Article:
Arraignment

Within 10 days of the initial appearance for in-custody defendants, and within 20 days of initial appearance for out-of-custody defendants, a defendant is entitled to a preliminary hearing or arraignment. See Fed. R. Crim. Pro. 5.1. There are federal grand juries sitting at all times in the  District of Guam, so a defendant will be arraigned on an indictment at the arraignment hearing, instead of having a preliminary hearing.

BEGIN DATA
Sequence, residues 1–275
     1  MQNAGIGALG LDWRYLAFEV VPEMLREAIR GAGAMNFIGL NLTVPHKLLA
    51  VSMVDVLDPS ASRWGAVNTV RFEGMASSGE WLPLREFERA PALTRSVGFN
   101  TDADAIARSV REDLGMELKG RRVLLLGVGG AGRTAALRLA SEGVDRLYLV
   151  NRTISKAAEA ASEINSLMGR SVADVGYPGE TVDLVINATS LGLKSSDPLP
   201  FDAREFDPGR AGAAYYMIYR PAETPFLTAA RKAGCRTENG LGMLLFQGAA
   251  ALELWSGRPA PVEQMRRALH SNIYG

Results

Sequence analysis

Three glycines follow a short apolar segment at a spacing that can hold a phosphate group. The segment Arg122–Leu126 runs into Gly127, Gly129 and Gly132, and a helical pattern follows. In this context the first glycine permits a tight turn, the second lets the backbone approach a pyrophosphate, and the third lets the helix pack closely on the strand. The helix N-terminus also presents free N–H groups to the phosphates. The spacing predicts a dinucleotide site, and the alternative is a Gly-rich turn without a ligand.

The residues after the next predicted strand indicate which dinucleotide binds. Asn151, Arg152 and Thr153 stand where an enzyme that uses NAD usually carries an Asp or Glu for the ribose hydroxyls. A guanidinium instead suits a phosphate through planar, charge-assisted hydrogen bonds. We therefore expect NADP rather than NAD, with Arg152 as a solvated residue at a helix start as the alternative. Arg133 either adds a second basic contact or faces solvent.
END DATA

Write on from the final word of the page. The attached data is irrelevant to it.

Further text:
An indictment is a formal charging document that contains the federal charges faced by the defendant. It is reviewed by a grand jury, and if there is sufficient evidence to force the defendant to face the charges the grand jury signs off on the indictment (or “returns the indictment.”) There can be many indictments brought in one case – later indictments are called “superceding indictments.”